More traditional lenders in Schuldscheine hold the debt until the loan expires. Few are prepared to buy paper in the secondary market, so when a borrower falls into difficulty it is hard for investors to sell out of their positions.

As buy and hold buyers, Schuldschein investors often know little about how paper can be transferred.

A fund manager who has bought several Schuldscheine in the secondary market said: “The first question I’m asked when I first approach a Schuldschein investor is ‘Oh, I can sell those?’”

But with interest rates at record lows, a few defaults in a Schuldschein portfolio can wipe out all an investor’s annual return. In the case of UK support services firm Carillion, which issued a £112m Schuldschein in 2017, months before defaulting, several Taiwanese banks were unable to sell their exposure and were, a banker said, “wiped out”.

So there is arguably a gap in the Schuldschein market for players that will buy and trade distressed paper.

An investor at a German savings bank, who had been approached by a series of brokers wanting to buy both distressed and healthy Schuldscheine, said: “In cases of distress, Schuldschein investors are really not the group best equipped to manage this. So in that respect, the opportunity to sell is important.”

Another distressed situation has arisen recently, as Leoni, a German company that makes electric cables, has had difficulty refinancing its debt. According to several market sources, traditional investors in a €170m Leoni Schuldschein have approached Landesbanks, seeking to sell their paper. Two sources familiar with the situation said hedge funds had been interested in buying it.

Leoni has since received bank financing and will now be able to service its Schuldschein without defaulting.

The second Asian lender said of situations like this: “You really need opportunistic investors to come in. The arranging banks that sold the Schuldschein are not going to buy it back and add more exposure [of the distressed credit] on to their books, and they would not have the contacts with hedge funds and distressed debt funds to take it on their books to trade — never, never.”

Schuldscheine are mostly arranged by German Landesbanks, even as the market has grown and internationalised to see €25bn a year in volume in recent years. Some global banks — the sort that number the world’s hedge funds among their clients — have entered the market, as have international issuers and investors, but it remains far from having the sort of demographic of, say, the public investment grade credit market.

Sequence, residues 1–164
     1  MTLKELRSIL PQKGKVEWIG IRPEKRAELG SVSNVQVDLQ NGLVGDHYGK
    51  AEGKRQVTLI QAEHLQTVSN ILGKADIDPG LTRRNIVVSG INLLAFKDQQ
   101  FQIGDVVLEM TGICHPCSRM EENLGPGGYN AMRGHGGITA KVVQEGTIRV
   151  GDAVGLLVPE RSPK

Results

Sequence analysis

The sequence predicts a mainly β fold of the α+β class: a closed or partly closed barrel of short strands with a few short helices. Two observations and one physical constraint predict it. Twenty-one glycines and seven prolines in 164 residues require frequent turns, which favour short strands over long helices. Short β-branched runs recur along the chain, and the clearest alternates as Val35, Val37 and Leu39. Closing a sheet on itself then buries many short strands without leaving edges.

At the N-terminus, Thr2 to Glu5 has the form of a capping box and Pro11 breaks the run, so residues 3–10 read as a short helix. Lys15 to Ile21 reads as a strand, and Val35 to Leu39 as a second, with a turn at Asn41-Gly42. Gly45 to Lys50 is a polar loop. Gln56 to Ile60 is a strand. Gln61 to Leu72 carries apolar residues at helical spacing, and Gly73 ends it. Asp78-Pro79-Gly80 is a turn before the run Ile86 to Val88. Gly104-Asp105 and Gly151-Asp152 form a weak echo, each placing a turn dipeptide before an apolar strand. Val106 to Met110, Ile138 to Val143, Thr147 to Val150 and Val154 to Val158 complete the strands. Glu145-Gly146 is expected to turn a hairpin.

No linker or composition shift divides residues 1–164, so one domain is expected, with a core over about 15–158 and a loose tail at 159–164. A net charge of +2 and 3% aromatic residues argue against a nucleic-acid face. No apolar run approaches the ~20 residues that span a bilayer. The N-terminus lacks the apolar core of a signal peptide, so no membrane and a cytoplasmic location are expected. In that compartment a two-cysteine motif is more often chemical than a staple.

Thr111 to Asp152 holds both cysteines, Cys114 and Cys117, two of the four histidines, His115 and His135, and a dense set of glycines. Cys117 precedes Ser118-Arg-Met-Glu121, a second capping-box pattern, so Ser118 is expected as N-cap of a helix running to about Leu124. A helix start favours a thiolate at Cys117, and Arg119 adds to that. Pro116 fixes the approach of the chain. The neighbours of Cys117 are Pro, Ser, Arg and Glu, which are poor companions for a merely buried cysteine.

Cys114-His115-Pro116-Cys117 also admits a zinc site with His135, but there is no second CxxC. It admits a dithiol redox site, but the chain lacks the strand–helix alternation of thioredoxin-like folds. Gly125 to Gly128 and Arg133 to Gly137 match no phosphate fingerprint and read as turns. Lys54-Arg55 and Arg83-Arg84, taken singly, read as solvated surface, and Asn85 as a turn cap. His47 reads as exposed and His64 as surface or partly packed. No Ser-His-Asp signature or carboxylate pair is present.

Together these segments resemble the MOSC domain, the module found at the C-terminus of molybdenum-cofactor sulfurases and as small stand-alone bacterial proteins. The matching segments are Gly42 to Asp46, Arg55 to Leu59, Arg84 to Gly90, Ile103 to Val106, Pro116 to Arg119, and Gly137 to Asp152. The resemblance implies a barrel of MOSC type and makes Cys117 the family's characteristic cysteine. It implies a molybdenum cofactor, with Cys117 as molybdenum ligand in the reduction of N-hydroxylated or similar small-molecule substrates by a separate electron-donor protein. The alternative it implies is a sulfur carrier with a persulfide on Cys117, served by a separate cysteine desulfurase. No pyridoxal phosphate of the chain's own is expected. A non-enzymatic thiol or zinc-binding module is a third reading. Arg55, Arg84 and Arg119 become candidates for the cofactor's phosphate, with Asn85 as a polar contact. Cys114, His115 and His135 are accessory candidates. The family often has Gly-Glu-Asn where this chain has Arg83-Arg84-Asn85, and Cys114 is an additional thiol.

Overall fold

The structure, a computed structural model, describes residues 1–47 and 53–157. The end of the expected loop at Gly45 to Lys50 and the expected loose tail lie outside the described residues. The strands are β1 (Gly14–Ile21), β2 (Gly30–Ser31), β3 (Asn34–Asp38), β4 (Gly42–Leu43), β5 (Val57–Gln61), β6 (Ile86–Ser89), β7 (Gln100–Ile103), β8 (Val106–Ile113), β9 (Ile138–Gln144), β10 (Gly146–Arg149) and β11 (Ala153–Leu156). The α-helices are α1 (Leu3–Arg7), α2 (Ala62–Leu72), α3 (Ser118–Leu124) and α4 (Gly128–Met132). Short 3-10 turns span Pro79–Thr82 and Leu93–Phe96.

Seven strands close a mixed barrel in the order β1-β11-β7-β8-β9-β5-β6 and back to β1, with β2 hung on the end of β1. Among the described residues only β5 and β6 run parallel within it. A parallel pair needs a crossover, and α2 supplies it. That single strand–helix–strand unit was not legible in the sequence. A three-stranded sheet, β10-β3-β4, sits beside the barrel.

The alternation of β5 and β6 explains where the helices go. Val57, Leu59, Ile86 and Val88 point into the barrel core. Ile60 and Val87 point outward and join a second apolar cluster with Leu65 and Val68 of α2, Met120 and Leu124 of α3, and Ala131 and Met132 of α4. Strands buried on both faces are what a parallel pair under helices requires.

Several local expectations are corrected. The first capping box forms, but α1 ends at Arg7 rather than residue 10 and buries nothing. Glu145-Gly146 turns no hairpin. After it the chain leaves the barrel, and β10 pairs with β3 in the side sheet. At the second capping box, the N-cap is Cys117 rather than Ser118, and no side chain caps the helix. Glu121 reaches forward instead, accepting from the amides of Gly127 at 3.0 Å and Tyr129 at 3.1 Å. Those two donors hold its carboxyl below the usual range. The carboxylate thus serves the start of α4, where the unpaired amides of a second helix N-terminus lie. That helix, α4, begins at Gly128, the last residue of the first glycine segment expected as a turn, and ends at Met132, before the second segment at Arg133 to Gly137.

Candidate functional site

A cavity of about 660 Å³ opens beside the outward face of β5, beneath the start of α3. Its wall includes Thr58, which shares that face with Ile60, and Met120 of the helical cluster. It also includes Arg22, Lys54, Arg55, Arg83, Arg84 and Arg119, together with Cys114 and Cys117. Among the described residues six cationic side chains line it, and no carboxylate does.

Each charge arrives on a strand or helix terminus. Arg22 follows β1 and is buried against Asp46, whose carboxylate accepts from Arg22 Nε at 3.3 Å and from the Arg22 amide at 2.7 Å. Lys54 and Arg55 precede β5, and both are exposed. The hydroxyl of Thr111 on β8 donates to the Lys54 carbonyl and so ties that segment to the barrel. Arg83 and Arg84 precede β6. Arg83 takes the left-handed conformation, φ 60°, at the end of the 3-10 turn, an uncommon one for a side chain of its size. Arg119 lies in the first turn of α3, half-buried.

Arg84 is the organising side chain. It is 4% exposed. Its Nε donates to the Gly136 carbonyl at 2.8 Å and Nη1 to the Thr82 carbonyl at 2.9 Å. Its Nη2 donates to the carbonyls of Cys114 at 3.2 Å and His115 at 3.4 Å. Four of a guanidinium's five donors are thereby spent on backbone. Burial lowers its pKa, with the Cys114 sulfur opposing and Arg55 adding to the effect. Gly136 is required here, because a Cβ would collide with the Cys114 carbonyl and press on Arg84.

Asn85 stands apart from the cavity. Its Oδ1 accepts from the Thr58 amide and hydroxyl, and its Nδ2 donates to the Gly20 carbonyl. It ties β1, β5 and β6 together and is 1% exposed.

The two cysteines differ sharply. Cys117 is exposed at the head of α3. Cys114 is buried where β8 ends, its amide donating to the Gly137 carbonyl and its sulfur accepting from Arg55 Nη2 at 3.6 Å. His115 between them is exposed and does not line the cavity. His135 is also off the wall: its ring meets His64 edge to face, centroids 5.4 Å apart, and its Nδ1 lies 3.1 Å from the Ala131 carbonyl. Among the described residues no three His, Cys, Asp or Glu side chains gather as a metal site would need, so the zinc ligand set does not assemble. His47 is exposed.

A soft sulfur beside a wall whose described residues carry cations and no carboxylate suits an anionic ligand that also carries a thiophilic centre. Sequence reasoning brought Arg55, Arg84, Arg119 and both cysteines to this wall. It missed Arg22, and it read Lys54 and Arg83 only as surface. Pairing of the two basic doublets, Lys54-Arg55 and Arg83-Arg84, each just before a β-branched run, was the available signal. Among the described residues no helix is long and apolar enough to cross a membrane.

Clouds gathering

It is not hard to find analysts who predict credit problems will intensify in the Schuldschein market. So far, defaults have been isolated, and often company-specific.

Folli Follie, the Greek jewellery and accessories maker, and Steinhoff had produced inaccurate and overstated accounts.

But some fear the market will soon be hit by downturns that affect whole industries.

A fund manager who has bought Schuldschein paper in secondary offerings said: “We have already seen a lot of cases on the cusp and I’m pretty sure that sellers at JP Morgan and Goldman Sachs, etc are smart cookies and they have spotted an opportunity too.”

Schuldschein bankers have earned the right to claim their market as the go-to place for European companies wanting to diversify away from public bonds and syndicated loans. Though the instrument dates back hundreds of years, it only became popular with companies in the last quarter century. 

Schuldscheine are defined as promissory notes — bilateral loans, in effect — under German law. This legal status means the market has sidestepped the snags of MiFID II and other regulations on securities. Investors also do not have to mark their books to market. The product enjoys lighter documentation as a consequence, which attracts many borrowers through quicker execution and lower legal fees.

However, the instrument shares some attributes of a bond. It can be marketed to as many as 500 investors, for example. Some arrangers run Schuldschein transactions from their loan desks, some from their bond desks. Borrowers can be muddled, too. ZF Friedrichshafen sold a €2.1bn Schuldschein last year, the largest issue of the year, which it classified as a “bonded loan”.

Senior bankers in the market are keen that regulators should not reclassify the product as a bond, as they think that would heavily complicate it and detract from the instrument’s appeal. Bankers at BayernLB, Helaba, LBBW and NordLB have told GlobalCapital that their banks do not market Schuldscheine to US investors on principle, as they want to guard the market from the gaze of the Securities and Exchange Commission, lest it decide to treat Schuldscheine as bonds instead of loans.

But the fact that US banks are now approaching Schuldschein investors directly means the more traditional, often German, arrangers that cast themselves as gatekeepers to the market, are only vaguely aware of these developments, as some senior bankers have confirmed.